When Tricia Tunstall opened p45 on Damen Avenue two decades ago, the women’s boutique was surrounded by other local businesses.
These days, the Bucktown shopping avenue is coming to terms with two trends that seemed inconceivable in 1997: waves of national chains, and empty storefronts.
“Damen was put on the map as the place to find interesting local boutiques,” Tunstall said. “It was an artistic neighborhood. Through the years it’s changed. You see fewer and fewer local businesses because it’s harder to afford the rent.”
As ubiquitous names such as Nike and Reebok have poured in, and independent retailers shutter stores, the street struggles to maintain its quirky vibe.
“Nationally, the whole retail market has changed,” Tunstall said. “I’m ready for the small, mom-and-pop stores to come back. We’ve survived because we have great customers who’ve supported us.”
Although Damen Avenue faces the biggest identity crisis, it isn’t the only North Side retail corridor that has undergone rapid change.
In its first study of the shopping areas, Chicago-based retail brokerage Stone Real Estate surveyed Damen and two other top North Side streets known for boutique merchants: Armitage Avenue in Lincoln Park and Lakeview’s Southport Avenue. All three avenues have undergone a reinvention from 2012 through mid-2017, the period of the study, when commercial real estate emerged from a prolonged slump to soar.
Southport, Armitage and Damen have much in common, including nearby public transportation and affluent, densely populated neighborhoods. Those attributes have attracted big, national retailers that in turn have pushed up rents.
But they’ve each evolved in different ways.
(Area included in study: Sheffield Avenue to Halsted Street)
Vacancy ballooned to almost 17 percent in 2013, and it remained nearly 14 percent in 2017. Take away the long-vacant former restaurant of the late Charlie Trotter, however, and there’s only 7 percent vacancy, according to the report. That’s because in recent years the street’s 1800s architecture has attracted 21st-century tenants: e-commerce companies opening shops.
The likes of Warby Parker, Bonobos, Interior Define and Tie Bar — all of which are known more for online sales — have clustered together. Online home furnishings retailer Serena & Lily is planning a two-level store. Cafes, restaurants and cosmetics shops also have gobbled up space as Armitage has reduced its reliance on national clothing brands.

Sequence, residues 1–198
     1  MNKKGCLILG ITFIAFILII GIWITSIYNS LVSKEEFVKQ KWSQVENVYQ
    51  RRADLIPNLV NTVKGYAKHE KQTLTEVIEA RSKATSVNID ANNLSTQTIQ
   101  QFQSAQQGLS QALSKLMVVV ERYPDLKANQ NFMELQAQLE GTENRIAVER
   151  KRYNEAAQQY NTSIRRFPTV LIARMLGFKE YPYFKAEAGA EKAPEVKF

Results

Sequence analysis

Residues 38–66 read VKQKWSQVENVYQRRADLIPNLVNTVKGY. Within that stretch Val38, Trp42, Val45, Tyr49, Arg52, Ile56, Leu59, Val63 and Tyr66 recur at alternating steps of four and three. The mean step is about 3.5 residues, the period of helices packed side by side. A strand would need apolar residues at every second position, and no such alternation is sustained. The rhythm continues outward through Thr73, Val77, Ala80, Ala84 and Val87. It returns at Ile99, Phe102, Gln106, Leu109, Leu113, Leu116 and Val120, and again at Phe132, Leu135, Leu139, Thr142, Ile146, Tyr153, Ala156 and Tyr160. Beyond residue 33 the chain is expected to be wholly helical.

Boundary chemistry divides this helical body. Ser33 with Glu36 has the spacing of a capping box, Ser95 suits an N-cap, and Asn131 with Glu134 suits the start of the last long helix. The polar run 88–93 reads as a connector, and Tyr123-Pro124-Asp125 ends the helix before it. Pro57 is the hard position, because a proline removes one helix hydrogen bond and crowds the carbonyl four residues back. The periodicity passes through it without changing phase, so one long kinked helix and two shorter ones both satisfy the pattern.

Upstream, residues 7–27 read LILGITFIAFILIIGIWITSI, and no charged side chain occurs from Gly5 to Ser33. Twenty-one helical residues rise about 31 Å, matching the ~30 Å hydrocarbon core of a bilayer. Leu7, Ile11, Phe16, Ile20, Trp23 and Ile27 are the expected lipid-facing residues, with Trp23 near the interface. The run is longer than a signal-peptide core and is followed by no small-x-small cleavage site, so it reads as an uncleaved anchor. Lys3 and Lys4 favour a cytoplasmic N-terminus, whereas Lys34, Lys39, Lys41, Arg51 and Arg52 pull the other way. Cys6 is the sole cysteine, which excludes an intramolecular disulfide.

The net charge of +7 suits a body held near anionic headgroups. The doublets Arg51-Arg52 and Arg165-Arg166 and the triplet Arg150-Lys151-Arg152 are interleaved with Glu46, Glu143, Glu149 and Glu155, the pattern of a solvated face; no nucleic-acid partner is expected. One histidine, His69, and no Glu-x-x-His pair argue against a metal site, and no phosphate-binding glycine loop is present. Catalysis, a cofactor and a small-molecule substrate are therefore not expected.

During the past five years, annual rents have risen from the low-to-mid $60 per square-foot range to the low-to-mid $70s.
“I think e-tailers will continue to flock to Armitage, because they like to be near each other,” said Stone Real Estate broker Will Winter, the report’s author. “The rise of food and beverage has also brought a nice diversity to the street.”
(Area included: Willow Street to North Avenue)
The rise in popularity of Bucktown and Wicker Park hasn’t gone unnoticed by national retailers, which have plowed onto the street and caused rents to increase from as low as $45 per square foot to as high as $70 in just a few years.
Some of the national companies’ time on the street has been relatively short-lived, creating a mix of vacant storefronts and a higher point of entry, making those empty spaces more difficult to fill. Overall retail vacancy fell below 5 percent in 2014, only to jump above 16 percent in 2017.
Gone in recent years are Silver Cloud Bar & Grill, the Psychobaby kids apparel and toy shop and clothing boutiques including Helen Yi, Riley and Belly Dance.
Some national retailers that have moved in are edgier concepts, such as Shinola, Bucketfeet, YellowKorner and Oak + Fort. But the street also has added plenty of well-known shoe and apparel brands.
“The rise of the nationals has pushed up rents and made it more difficult to afford for the local shops that made the street what it is,” Winter said. “I think there will be a correction back to the norm (on vacancy), and there may be an adjustment on asking rents.”
(Area included: Addison Street to Roscoe Street)
The Lakeview corridor has seen the biggest increase in chains, which have gone from occupying 39 percent of the total space in 2012 to 61 percent in 2017. Yet Southport has remained the most stable of the three streets, with virtually no vacancy. Rents have risen to around $70 per square foot today, up from $60 five years earlier.
Changes on Southport have been less jarring because the street didn’t emerge as a high-profile retail destination until the past few years, Winter said. That means there were fewer beloved, longtime shops to lose as properties were redeveloped.
Some well-known departures include the Mystic Celt bar and Coobah restaurant. But much of the street’s new retail space has come from teardowns of older buildings and the replacement of businesses that weren’t as consumer-oriented. Newer shops include Soul Cycle, Lululemon Athletica, Lou & Grey and the city’s first Amazon Books.
“Southport rose with the nationals, and Damen is struggling because of the rise of the nationals,” said broker John Vance, a Stone Real Estate principal. “The replacement process (on Southport) didn’t eradicate the DNA of the street.”